David Shipko is a Los Angeles based scholar and writer.


When I surface for breath, she is standing there, at the edge of the pool, looking down at me with emerald eyes. Her hair is like fire. Against the blank white walls of the natatorium, lit by harsh fluorescent light, she is a flood of vibrant color. “What are you doing?” she asks. I drift to the edge of the pool, rest my arms on the concrete edge. “Isn’t it obvious?” I respond, playfully. She laughs; “I suppose it is. Do you want to get out of here?” The pool stretches behind me for hundreds of feet. A few other people swim laps, but otherwise the place is empty. The faint splashing of water echoes off the cavernous ceiling. But suddenly I hear nothing but rivers in my veins, feel nothing but a wildfire in my chest, see nothing but her. She is the most real thing in the universe. I lift myself out of the pool, and she takes my hand. Holding her hand feels right, even though some would say it is wrong. We aren’t related or anything, but, still, a taboo is being violated. But I don’t care. I’ve wanted this for a long time now. Not since we first met. That would be so childish. No, when we first met, it was well within the confines of our socially defined roles, and I had no desire to transgress. But through those roles we came to spend more time together, and as we did, as I came to know her more, to know who she was, well, to glimpse echoes of shadows of who she was, I developed an admiration for her that transformed into attraction, then desire, then longing. And I felt fairly certain that who I imagined her to be was at least somewhat aligned with who she was, since I had no evidence that she was much of an actor. And the more I longed for her, the more beautiful she became, until I could not stand to look at her. And when we would be together in public, I would avoid glancing at her, avoid meeting her gaze, for fear my eyes or expression might betray my desire. And I have wanted her for so long. And now here she is. She has met me at the boundary, and we are crossing it. She leads our way from the pool, out into the night.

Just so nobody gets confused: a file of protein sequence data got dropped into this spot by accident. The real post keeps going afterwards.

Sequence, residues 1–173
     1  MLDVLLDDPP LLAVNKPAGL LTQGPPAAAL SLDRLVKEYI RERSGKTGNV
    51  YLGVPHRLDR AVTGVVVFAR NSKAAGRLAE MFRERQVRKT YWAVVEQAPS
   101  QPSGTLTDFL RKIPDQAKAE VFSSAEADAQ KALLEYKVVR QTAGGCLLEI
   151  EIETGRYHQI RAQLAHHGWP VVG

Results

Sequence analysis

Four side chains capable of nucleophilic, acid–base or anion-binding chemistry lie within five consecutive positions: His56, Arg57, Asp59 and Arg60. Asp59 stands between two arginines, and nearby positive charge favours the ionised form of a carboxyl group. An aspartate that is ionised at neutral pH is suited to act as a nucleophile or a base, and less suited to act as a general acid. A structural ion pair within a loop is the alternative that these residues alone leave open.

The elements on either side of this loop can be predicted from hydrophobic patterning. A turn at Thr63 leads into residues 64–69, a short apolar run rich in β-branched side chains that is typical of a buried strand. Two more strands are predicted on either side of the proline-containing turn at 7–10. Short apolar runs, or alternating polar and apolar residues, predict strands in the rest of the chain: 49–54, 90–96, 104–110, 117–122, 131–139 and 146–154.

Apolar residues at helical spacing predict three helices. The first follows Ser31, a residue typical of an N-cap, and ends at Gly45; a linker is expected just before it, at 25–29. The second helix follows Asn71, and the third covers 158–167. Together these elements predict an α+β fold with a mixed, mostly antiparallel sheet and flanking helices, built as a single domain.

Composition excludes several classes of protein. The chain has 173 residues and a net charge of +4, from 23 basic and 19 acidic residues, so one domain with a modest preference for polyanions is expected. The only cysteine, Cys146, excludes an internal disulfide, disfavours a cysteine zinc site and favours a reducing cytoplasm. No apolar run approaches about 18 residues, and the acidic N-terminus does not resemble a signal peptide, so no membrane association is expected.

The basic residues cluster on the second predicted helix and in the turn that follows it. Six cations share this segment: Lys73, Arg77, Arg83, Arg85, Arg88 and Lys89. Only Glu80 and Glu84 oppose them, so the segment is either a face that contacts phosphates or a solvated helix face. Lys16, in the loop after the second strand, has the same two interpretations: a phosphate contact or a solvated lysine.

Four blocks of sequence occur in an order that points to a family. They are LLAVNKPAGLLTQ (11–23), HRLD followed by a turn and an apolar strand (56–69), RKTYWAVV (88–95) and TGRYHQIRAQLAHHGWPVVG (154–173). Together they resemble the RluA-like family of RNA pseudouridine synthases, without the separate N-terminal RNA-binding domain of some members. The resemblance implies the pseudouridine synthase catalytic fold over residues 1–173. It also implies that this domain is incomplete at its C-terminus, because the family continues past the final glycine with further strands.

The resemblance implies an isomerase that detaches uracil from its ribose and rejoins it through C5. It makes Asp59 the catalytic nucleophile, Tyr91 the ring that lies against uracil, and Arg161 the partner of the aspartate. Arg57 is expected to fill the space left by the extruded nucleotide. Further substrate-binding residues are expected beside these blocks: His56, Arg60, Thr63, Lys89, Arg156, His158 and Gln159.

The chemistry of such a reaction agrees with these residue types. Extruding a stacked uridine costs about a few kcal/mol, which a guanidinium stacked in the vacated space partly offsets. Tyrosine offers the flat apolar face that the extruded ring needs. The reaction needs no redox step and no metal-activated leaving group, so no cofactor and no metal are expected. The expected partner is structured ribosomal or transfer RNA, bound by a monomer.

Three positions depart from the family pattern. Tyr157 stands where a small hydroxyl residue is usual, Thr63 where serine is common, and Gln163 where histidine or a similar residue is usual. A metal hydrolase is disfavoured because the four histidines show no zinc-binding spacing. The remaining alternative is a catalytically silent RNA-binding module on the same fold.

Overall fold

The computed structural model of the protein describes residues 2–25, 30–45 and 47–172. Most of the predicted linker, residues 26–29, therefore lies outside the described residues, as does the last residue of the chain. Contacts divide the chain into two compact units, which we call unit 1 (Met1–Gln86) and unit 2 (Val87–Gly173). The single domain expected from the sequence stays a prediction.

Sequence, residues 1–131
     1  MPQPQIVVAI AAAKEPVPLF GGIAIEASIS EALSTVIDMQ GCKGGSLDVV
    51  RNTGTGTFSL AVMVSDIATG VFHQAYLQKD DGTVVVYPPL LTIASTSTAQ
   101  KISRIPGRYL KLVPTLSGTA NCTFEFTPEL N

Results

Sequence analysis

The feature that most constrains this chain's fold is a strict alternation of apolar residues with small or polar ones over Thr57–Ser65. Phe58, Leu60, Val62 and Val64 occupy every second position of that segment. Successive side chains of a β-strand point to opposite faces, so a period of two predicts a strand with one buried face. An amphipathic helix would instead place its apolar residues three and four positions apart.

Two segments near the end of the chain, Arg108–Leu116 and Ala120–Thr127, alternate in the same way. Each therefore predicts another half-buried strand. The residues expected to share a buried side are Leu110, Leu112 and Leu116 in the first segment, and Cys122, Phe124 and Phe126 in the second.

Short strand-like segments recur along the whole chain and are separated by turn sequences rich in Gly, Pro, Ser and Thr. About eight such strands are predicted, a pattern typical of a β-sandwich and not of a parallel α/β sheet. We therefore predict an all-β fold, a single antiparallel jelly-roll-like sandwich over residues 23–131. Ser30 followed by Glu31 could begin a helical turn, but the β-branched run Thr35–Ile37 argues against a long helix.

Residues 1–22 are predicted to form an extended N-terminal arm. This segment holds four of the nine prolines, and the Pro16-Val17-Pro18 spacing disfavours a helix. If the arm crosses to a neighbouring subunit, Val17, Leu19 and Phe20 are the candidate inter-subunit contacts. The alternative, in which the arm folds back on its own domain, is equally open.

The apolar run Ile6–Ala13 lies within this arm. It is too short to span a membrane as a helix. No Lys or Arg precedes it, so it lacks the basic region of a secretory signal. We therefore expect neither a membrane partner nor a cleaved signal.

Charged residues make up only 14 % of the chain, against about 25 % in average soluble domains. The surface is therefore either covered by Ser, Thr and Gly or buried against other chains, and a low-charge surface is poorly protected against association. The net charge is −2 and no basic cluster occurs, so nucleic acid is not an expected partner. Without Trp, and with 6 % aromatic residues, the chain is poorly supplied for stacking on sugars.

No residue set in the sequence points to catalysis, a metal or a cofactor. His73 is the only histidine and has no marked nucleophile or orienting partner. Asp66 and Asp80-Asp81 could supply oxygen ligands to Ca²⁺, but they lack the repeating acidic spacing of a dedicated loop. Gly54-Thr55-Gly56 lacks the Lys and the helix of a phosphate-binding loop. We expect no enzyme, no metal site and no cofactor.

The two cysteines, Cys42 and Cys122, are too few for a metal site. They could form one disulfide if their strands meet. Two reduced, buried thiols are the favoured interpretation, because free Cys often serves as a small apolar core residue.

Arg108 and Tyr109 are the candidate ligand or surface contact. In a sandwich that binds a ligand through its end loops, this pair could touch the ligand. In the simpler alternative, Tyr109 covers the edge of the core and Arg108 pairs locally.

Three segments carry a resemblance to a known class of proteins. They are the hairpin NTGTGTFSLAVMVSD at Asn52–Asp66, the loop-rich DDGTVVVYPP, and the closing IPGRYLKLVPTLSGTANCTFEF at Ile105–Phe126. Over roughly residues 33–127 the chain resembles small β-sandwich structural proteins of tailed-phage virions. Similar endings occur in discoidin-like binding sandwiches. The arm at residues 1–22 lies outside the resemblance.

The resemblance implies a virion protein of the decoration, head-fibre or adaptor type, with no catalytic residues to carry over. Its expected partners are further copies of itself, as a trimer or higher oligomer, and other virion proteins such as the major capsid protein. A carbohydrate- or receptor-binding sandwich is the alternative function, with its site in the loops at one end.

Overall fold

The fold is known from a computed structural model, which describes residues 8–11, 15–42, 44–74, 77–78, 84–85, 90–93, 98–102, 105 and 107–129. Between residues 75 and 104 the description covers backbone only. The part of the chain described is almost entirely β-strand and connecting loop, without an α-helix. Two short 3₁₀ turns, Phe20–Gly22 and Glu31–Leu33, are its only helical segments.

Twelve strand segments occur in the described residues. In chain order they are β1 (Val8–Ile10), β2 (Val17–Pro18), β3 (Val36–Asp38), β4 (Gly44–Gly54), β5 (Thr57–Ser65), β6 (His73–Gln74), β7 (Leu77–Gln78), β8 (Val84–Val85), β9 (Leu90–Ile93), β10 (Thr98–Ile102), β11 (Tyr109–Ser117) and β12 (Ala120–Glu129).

The Los Angeles air is temperate and strangely quiet. We walk down a street, hand in hand, not saying much, but occasionally looking over at each other. When our eyes meet, our lips break into big, stupid grins. I get the feeling that she has felt for me as I have felt for her for some time now. Our giddy excitement electrifies the otherwise still and silent air.

We leave the freeway, walking up an exit ramp to an intersection. The light is red. There are no cars, no other pedestrians. But still we stop and sit on the pavement, reposing in each other’s arms. We kiss. The world changes.